The practice recommendations I make and the work we do will be highly personal for each person, depending on their goals and how this fits in with their wider life.
These are some really simple things that are about attitude to practice that seem to come up a lot and help people orient to practice in a healthy, whole-hearted way.
Low Floor, High Ceiling
This is firstly about releasing any self-judgement of what counts as good practice. I was told that someone had meditated every day for 30 years – the way they did it was by counting it as a meditation if they sat on the cushion for even one second.
The biggest barrier to practice is often starting, so working with people to reduce this barrier tends to be very helpful.
It can also release a load of self-judgement. Meditation is hard and feeling good about ourselves for doing it, rather than bad about ourselves for not always doing it perfectly, is a much better place to be coming from.
There’s also room for plenty of ambition and desire in practice and life – stoking the fire of where you would like it to take you and what you would like to contribute to the world can be incredibly powerful and liberating. While making sure that this is coming from a place of self-worth, rather than other people’s expectations of you.
Life is hard. Just recognising this fact is so important. People tend to be really hard on themselves, especially people who are self-aware enough to want to practice.
Finding some practices and rituals that are supportive, resourcing and come from a place of care for ourselves is so important.
My favourite one is meditating in the bath. You could also meditate on eating some delicious foods, or going for a walk in nice nature. Whatever feels nourishing to you.
Finding something that feels joyful rather than punishing is super helpful for making practice engaging. An example could be finding someone who does guided meditations you like.
Or my absolute favourite recommendation is meditating to music. This can be a deeply transformative and insightful practice that is full of joy. Finding time to lie down or sit with some music that you have chosen and paying attention to what it brings up for you, is the best.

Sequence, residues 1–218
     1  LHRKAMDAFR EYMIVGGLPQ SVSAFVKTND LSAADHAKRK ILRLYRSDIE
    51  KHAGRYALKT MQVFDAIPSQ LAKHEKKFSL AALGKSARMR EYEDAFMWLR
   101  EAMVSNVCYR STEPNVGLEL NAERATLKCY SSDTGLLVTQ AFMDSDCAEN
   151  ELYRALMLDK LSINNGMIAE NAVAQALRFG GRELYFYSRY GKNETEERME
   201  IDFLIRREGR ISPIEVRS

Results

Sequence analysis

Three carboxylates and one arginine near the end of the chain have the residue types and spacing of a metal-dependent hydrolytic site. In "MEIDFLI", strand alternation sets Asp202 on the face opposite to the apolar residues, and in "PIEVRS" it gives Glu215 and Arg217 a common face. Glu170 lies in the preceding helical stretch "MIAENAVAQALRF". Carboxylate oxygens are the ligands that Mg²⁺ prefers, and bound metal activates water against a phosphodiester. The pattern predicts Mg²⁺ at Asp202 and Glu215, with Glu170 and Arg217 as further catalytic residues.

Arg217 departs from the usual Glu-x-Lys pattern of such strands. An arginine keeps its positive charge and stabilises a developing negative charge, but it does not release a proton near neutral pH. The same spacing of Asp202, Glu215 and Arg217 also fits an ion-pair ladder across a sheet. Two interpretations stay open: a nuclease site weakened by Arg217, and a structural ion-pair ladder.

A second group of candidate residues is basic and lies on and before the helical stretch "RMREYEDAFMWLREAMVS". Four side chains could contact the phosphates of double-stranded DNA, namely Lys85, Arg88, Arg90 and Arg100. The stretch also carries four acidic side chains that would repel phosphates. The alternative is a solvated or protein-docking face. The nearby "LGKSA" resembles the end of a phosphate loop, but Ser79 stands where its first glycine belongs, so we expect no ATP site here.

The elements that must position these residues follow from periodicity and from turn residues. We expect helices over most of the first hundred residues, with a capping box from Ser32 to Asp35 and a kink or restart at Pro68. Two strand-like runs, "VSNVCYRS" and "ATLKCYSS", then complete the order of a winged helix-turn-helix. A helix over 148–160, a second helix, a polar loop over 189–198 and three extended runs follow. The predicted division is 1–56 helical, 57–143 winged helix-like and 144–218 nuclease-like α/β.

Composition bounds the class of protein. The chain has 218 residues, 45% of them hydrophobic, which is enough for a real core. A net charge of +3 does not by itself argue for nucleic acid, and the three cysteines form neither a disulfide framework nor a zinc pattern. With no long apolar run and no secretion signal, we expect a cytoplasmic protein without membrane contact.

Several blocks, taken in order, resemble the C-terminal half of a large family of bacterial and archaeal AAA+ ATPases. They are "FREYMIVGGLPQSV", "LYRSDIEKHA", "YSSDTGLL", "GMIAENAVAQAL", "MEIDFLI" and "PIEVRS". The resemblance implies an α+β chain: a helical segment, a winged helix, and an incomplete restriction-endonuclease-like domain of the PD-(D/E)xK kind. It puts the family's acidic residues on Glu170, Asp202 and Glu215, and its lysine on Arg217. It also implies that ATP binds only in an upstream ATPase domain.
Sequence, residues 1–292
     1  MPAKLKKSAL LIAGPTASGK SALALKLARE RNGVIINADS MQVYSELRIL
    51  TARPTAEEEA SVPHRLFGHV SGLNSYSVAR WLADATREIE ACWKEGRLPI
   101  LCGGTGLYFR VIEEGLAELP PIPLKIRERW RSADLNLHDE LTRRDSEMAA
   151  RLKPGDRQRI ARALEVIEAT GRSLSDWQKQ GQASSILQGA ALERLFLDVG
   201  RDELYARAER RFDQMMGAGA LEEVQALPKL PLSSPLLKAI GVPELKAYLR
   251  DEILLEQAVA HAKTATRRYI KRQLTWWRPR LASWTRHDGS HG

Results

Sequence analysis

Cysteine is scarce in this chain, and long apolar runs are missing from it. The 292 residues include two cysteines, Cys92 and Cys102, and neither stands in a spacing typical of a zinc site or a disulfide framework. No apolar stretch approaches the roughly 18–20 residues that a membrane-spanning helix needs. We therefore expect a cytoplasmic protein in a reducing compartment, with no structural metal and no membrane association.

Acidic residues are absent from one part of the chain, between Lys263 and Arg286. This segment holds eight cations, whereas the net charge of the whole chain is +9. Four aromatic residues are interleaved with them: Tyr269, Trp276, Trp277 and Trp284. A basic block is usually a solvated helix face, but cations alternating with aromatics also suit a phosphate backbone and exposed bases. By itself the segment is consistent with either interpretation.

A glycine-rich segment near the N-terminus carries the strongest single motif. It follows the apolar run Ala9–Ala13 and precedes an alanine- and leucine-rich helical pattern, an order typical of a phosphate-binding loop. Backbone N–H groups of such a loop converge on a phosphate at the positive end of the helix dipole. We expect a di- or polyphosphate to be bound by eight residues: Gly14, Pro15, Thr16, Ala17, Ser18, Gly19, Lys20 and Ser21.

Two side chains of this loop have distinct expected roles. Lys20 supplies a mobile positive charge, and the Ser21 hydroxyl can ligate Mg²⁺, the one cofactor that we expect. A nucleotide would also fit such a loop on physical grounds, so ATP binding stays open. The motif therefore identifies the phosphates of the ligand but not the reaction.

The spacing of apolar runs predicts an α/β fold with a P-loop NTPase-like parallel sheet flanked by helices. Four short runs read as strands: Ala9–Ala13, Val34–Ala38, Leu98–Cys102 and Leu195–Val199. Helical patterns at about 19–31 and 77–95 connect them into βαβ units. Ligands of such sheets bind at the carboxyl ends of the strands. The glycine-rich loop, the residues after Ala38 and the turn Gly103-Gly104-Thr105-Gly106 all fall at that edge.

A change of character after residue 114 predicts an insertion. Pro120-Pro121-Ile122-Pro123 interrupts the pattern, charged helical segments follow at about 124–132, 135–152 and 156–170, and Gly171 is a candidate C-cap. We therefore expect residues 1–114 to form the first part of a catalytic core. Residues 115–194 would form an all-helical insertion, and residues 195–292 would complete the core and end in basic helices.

Beyond validating each of our own inner definitions of awakening, there is clearly some level of agreed experience of what awakening is.
I would be careful of taking other people’s definitions and descriptions of awakening too seriously or too literally. Everyone’s experience is different and awakening is often described in language that is poetic and unclear.
It’s easy to put someone on a pedestal and believe that their experience is somehow fundamentally more profound than the one you are having, especially if you take people too seriously.
From my experience, my best description for awakening would be being able to be present with things as they are, without closing our hearts or resisting aspects of experience.
This includes everything from the basic groundedness of our emotional responses to integrating more mystical aspects of reality into experience.
If things feel more sincere, clear and open this is generally they sign that they have been fully awakened in us.
A deep awakening will involve letting go of at least some aspects of control in life. Letting go is often described as a sort of letting go of something. I think it’s better described as letting go into something.
It’s like you’re arriving deeply in your experience whatever that is, whether it’s sadness, joy, interconnection, embodiment, non-duality, impermanence, lack of control or whatever else you find in there.
Lack of control, when it arrives in the right environment can be a relief, especially during pleasant moments, but it can also involve a lot of existential dread, especially around the realisation of our limited capacity to do anything other than bear our deepest pain and weather our biggest storms.
I’m a firm believer in the phrase, ‘hold on to what you need to hold on to, until you are ready to let go’. The image that comes to mind is like monkey bars – keeping moving can be the main thing to stop us getting stuck in a dark night situation. Finding ways to express what is inside of us, rather than marinate in it, is the key.
Finding a supportive environment to interact with is the best thing you can do on the path. The connection and meaning that this can provide are invaluable.
I don’t think it’s helpful or healthy to talk about the path as being the route to the end of suffering. It is my experience that the path of true awakening can make life harder in many ways, but hopefully in the long run more rewarding.
It is more like cultivating a capacity to be present with the full rich experience of life. Your unique life. And then sharing that capacity with the people and world around you.